The arrest and detention of two prominent Turkish journalists on groundless charges of aiding a terrorist organisation, espionage and disclosure of classified documents marks a disturbing new low in Turkey’s sustained assault on media freedom, the International Press Institute (IPI) and the South East Europe Media Organisation (SEEMO) said today.
Cumhuriyet Editor-in-Chief Can Dündar and the paper’s Ankara bureau chief, Erdem Gül, were arrested yesterday and placed in pre-trial detention on the orders of an Istanbul criminal court.
Dündar and Gül face life imprisonment if convicted.
“The court says that Cumhuriyet Editor-in-Chief Can Dündar and Ankara Bureau Chief Erdem Gül have been imprisoned for spying, for being members of a terrorist organiation and for revealing state secrets,” IPI Turkish National Committee Chair Kadri Gürsel said.
“But we know that they have been put in jail simply for their factual reporting on the secret arms transfer to Syria, which undoubtedly constitutes a liability for the [ruling] AKP government. Their arrest constitutes an unpredecedented degradation in the agonising state of press freedom in Turkey and a new extreme in the criminalisation of journalism in the country.”
IPI Executive Director Barbara Trionfi added: “The arrest and imprisonment of Can Dündar and Erdem Gül for publishing information on a matter of urgent and undeniable public interest make it clear: press freedom in Turkey is no longer simply under threat; it is in danger of being completely extinguished. We urge the international community to send a strong signal that such breaches of fundamental rights and liberties will not be tolerated and we call on Turkey to release both journalists without delay.”
The case has its origin in a video published by Cumhuriyet on May 29, 2015 that the paper said showed evidence that Turkey’s intelligence agency, MIT, was secretly sending weapons to Islamist rebel groups in Syria. The video purports to show Turkish security forces opening trucks en route to Syria belonging to MIT that contained crates of weapons and ammunition.
Turkey’s Interior Ministry rejected assertions prompted by the video and insisted that the trucks were in fact conveying humanitarian aid to the Turkmen community in Syria. Turkish President Recep Tayyip Erdoğan has suggested that the weapons were placed on the trucks by adherents of the religious movement led by his ally-turned-foe Fethullah Gülen in order to discredit him. Turkish authorities have designated the Gülen movement as a terrorist organisation.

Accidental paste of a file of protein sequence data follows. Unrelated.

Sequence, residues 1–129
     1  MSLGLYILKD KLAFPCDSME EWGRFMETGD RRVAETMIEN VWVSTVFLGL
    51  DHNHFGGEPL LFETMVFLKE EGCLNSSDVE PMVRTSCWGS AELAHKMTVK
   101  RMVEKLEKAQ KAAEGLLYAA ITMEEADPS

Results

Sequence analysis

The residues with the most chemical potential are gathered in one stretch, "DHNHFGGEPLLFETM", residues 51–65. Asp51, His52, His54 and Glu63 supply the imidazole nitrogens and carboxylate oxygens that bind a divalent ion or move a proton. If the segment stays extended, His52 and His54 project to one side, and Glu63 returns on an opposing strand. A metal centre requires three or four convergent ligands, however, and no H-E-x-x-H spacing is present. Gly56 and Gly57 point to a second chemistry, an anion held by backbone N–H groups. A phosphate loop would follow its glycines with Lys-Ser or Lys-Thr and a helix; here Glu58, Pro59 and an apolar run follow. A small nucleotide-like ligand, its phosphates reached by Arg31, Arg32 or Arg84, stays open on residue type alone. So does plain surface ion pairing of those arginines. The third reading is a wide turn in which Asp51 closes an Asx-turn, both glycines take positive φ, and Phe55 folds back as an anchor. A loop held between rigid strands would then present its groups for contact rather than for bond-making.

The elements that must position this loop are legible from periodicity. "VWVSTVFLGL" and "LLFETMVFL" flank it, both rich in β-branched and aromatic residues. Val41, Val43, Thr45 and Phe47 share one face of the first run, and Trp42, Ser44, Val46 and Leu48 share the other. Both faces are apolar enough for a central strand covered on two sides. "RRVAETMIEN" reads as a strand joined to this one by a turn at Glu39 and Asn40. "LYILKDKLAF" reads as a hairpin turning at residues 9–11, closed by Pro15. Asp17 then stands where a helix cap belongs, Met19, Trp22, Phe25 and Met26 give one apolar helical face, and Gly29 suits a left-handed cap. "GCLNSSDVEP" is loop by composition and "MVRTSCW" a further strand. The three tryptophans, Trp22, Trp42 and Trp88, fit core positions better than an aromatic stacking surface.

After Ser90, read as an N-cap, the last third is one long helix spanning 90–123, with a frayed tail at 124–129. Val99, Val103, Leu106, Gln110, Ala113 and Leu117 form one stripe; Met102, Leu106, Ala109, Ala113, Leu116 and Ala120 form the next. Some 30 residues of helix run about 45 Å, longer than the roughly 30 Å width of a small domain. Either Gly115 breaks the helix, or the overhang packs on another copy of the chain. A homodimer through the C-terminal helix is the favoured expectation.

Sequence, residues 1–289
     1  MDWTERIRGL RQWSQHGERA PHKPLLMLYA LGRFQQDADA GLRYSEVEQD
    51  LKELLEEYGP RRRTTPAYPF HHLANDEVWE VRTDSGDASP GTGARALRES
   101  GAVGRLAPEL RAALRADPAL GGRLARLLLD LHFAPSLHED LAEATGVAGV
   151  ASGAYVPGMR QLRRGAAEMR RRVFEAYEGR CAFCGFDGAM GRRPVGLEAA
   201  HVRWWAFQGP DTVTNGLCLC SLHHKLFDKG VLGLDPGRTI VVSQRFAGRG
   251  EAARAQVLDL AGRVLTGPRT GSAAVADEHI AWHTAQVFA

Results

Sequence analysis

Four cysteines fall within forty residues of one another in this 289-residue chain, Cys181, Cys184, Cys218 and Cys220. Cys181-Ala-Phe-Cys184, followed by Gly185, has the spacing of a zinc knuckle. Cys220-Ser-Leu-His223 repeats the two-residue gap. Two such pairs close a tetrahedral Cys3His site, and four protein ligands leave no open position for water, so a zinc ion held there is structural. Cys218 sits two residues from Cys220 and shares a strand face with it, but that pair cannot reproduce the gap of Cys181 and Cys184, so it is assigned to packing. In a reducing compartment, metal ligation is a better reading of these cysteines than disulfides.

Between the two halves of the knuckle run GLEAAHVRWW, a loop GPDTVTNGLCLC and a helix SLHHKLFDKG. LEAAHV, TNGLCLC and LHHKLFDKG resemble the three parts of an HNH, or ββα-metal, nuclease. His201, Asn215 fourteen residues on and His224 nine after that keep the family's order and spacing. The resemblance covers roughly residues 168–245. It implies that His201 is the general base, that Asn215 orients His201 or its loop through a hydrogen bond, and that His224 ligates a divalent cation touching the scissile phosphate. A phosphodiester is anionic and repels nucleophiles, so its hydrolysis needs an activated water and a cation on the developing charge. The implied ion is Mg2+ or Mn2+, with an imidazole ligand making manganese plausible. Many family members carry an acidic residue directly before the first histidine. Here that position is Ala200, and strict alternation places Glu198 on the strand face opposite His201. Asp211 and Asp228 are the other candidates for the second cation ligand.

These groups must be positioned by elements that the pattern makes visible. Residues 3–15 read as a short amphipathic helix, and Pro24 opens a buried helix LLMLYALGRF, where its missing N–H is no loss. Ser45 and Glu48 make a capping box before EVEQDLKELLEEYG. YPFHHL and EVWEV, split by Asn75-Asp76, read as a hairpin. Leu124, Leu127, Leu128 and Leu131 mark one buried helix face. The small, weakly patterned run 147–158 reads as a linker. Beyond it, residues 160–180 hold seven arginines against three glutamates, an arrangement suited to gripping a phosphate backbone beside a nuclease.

Erdoğan recently responded to a question about the videos by asking: “What difference would it make whether the trucks contained weapons or not?” He chracterised Cumhuriyet’s publication of the video as a “betrayal”.
Erdoğan had vowed in a television interview with state broadcaster TRT in June 2015 that the journalist who wrote the piece would pay a “heavy price”. Erdoğan filed an individual criminal complaint against Dündar under Turkey’s broad anti-terror law, accusing Dündar and Cumhuriyet of “joing[ing] the actions of the members of the organization who searched the trucks and plott[ing] with fabricated evidence to create a perception in the scope of a planned setup as if the Republic of Turkey has been helping terrorist organizations”.
According to Turkish media, shortly before Dündar was taken into custody, he told reporters: “We are accused of ‘spying’. The president said [our action is] ‘treason’. We are not traitors, spies, or heroes; we are journalists. What we have done here was a journalistic activity.”
He added: “We came here to defend journalism. We came here to defend the right of the public to obtain the news and their right to know if their government is feeding them lies. We came here to show and to prove that governments cannot engage in illegal activity and defend this.”